You need to know to this so you can streamline your business and MAKE MORE MONEY!

But that’s all impossible, isn’t it? How could you possible know those things?

Simply, by employing a Web Analytics tool (or company) to do all that for you!

By analysing all aspects of your site’s performance you can make it perform better. Just like a coach scrutinises every pass and every tackle made by the members of his football team.

You monitor, you analyse and then you plan a way to improve.

This last point is something that you really will need help with so find yourself a good authority on web analytics and let them take the strain for you.

Only THEN will I let you sit back and hope for the best!

India – A Future Warehouse of the World

Abstract
India has the world’s second largest population and one of the fastest growing economies in the world. India has a promising future, given the unprecedented growth in economy and its clout in the global issues. India is now riding on the wave of a gigantic boom in computer driven new economy. Many developed countries of the world are seeking the huge pool of English speaking talented software professionals in India. As the world is transforming towards knowledge society, India too is moving proportionately competing with the world. With the increase of Internet users and the advancement of information and communication technology in India had boasted the development towards e-commerce in global economic society. In IT sector India is booming as a super power. In the last few years India has made rapid strides in the IT sector especially in the software services and IT enabled services. In this paper we analyses the picture of IT industry in a very near future in India & contribution of India in world’s Information Technology Sector.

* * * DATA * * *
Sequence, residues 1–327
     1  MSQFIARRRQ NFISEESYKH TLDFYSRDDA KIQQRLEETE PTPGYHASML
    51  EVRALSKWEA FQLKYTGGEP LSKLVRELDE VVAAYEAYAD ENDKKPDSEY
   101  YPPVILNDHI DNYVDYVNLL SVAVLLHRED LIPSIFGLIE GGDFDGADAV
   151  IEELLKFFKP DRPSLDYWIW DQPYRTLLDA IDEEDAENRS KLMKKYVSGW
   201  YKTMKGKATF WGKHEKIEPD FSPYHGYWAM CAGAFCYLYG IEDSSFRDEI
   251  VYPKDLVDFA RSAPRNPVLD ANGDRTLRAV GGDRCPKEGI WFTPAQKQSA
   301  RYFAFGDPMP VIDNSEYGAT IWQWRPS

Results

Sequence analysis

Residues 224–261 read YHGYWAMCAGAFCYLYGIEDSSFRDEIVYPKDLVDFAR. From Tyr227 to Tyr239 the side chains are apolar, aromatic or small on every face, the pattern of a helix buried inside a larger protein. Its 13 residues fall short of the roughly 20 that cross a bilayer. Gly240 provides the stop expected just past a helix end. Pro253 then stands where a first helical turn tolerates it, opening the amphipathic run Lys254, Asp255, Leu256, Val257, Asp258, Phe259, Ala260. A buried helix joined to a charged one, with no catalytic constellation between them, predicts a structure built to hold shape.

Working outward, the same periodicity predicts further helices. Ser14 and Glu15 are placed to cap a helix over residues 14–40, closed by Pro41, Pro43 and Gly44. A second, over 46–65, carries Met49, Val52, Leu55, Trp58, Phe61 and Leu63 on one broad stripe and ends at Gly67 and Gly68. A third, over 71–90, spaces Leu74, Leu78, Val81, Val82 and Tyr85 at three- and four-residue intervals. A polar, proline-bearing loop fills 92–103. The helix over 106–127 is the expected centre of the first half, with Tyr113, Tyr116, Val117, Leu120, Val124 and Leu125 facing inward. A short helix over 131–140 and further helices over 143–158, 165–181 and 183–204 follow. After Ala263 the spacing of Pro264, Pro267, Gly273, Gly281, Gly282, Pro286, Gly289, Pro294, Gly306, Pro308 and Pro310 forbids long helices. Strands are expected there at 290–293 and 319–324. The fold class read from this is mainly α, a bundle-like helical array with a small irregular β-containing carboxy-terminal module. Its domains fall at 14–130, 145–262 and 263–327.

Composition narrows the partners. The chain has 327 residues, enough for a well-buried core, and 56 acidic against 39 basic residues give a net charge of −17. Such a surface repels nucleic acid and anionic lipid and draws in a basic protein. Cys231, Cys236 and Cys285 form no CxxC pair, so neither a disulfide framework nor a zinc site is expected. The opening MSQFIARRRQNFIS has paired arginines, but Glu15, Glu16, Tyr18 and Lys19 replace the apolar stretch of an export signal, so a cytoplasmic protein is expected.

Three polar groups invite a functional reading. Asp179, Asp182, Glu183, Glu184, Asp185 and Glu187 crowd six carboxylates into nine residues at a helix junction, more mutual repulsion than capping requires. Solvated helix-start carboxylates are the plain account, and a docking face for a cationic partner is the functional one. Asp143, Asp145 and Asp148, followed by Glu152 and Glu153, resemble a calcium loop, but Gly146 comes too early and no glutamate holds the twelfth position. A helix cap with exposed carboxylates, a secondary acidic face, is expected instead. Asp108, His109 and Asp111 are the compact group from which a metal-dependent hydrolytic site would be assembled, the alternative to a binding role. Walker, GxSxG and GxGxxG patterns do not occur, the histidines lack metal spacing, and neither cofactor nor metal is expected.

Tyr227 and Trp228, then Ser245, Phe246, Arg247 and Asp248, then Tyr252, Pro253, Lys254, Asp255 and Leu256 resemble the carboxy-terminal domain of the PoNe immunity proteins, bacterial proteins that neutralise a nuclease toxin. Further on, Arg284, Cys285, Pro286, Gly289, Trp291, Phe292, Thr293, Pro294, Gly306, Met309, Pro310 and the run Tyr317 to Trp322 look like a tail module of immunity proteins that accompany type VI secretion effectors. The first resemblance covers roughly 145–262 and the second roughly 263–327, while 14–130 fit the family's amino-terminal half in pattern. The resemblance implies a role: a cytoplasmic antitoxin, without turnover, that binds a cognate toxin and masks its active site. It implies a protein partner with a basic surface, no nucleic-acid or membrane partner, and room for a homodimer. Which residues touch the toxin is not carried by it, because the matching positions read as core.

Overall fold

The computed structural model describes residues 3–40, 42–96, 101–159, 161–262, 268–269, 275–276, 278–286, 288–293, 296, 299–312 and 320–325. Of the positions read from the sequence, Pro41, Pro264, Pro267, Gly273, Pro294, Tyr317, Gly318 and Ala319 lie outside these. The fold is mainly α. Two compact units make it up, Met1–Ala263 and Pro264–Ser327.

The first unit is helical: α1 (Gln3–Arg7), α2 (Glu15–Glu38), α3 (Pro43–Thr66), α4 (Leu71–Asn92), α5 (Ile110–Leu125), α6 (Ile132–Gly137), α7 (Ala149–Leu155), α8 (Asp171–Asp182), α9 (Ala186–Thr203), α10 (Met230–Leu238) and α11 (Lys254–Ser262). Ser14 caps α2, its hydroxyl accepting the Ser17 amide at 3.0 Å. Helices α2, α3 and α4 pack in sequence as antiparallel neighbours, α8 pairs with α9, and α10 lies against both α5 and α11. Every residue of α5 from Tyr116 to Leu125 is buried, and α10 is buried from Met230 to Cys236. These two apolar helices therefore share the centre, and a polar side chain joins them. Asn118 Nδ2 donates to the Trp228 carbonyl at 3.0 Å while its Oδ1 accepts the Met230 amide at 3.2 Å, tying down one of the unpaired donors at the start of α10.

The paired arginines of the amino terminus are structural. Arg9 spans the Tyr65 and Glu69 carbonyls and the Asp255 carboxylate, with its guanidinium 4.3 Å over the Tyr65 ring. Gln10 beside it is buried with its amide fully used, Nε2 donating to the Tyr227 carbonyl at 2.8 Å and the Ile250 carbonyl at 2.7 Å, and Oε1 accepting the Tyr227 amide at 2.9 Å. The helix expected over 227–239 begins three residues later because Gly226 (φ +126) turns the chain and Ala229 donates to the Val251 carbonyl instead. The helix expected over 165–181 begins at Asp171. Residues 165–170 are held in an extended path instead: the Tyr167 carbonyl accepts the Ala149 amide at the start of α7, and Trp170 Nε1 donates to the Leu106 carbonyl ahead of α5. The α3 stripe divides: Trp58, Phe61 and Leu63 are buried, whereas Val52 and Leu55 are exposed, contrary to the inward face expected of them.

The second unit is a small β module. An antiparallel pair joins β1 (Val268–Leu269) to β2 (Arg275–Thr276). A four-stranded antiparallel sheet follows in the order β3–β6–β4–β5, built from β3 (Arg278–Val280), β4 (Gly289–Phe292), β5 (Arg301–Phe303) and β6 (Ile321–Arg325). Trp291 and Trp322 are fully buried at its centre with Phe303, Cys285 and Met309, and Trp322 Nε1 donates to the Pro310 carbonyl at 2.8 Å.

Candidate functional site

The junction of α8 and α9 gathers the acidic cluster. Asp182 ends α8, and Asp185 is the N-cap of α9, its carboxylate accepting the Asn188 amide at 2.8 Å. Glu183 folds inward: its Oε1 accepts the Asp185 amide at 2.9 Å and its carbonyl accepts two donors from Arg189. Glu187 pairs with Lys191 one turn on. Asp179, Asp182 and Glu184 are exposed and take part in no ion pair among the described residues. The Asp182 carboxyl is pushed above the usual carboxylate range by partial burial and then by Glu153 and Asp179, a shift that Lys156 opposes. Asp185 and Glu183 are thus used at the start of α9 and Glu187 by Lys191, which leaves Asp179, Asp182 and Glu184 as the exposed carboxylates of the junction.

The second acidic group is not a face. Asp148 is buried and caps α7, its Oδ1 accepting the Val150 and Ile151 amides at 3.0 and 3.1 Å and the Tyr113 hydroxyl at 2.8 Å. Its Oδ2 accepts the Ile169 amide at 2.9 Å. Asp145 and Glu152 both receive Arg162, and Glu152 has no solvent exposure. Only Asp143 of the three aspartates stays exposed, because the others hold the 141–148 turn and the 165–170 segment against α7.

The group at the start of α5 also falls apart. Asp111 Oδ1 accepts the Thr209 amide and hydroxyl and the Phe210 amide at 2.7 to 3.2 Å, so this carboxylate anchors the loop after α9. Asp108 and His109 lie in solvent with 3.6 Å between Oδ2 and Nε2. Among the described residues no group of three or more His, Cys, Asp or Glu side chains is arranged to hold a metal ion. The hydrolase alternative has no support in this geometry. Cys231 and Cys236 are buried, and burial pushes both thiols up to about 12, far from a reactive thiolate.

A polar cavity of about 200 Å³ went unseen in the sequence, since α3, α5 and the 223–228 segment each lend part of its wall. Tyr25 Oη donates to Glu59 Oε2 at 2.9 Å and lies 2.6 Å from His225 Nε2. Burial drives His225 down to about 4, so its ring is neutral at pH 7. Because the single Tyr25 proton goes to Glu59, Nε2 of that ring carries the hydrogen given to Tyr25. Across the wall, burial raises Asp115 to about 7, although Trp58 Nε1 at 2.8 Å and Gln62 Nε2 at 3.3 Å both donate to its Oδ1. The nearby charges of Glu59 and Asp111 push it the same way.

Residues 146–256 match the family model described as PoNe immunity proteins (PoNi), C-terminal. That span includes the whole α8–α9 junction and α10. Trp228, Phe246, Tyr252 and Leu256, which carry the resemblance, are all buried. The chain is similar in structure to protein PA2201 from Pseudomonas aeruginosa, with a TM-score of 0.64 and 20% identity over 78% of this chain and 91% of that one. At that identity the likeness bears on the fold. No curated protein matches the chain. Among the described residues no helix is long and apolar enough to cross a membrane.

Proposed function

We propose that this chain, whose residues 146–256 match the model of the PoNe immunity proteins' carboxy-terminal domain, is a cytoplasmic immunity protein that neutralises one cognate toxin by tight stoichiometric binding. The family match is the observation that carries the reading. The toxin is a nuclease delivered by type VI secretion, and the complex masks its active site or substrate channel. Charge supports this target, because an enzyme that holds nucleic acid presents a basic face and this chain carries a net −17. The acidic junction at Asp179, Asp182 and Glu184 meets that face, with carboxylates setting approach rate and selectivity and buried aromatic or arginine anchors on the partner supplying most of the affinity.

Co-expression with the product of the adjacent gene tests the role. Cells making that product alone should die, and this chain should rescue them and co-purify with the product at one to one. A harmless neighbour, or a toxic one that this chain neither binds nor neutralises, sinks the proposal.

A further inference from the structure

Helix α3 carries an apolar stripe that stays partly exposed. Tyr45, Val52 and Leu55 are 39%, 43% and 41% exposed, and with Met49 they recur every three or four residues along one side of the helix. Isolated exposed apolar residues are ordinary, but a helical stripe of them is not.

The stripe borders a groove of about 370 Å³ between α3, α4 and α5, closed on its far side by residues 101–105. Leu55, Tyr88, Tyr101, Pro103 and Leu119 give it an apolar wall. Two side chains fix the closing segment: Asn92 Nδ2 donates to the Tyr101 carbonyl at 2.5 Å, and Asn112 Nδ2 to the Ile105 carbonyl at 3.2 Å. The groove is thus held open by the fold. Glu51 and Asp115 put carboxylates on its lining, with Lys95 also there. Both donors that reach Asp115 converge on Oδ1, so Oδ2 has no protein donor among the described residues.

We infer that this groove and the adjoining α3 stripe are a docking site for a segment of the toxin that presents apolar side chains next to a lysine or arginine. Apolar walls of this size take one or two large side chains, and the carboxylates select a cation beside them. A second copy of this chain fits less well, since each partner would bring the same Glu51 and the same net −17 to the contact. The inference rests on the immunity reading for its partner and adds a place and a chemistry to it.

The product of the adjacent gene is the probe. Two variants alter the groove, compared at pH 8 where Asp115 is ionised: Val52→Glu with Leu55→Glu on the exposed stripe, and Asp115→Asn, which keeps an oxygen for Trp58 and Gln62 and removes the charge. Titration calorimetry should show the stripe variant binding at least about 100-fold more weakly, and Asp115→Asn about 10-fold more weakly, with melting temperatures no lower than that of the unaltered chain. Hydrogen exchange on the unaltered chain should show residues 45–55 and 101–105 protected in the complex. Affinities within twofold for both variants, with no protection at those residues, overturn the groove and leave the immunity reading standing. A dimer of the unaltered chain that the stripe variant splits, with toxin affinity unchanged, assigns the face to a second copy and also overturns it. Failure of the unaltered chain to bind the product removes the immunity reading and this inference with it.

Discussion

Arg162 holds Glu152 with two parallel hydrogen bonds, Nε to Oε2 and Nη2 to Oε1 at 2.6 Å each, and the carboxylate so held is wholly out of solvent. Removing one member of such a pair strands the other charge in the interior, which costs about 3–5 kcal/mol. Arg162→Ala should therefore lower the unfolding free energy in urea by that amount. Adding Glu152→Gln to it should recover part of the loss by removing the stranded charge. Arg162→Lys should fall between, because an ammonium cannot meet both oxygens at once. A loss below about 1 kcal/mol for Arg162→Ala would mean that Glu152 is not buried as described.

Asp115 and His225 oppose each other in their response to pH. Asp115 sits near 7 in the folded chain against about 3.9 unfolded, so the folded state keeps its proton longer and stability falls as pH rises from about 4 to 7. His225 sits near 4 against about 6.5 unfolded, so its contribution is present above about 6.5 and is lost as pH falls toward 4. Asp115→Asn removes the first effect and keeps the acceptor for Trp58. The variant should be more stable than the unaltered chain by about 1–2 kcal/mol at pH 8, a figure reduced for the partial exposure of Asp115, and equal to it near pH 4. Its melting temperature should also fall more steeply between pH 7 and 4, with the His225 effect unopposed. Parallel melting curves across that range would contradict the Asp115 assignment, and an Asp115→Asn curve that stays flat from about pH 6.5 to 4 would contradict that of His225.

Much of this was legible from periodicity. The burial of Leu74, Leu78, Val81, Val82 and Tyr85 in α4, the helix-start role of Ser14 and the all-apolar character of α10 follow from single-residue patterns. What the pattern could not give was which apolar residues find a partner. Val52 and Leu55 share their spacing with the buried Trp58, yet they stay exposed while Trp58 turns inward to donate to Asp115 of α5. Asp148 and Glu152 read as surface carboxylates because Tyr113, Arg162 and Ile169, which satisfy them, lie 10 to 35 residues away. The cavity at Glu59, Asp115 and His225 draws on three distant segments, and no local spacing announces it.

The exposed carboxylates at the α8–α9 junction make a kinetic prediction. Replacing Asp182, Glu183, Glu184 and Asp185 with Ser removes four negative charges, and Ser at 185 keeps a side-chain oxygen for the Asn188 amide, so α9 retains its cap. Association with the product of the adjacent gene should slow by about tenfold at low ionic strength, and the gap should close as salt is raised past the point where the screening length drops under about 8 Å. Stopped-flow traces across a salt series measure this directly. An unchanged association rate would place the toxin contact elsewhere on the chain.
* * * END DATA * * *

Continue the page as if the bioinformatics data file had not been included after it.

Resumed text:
Introduction
From the 1950s, IBM had a virtual monopoly of computers in India. The 360 series release in 1960s was the major workhouse of the large organizations. They even maintained a chain of programmers who could write down software’s for their machines. However in 1978, when George Fernandes, ministry of industries at that time, commanded IBM to take local shareholders into its subsidiary, the company refused strictly and went back after winding up its all operations in India. Its ex-employees then set up Computer Maintenance Corporation, with the primary object of maintaining IBM computers.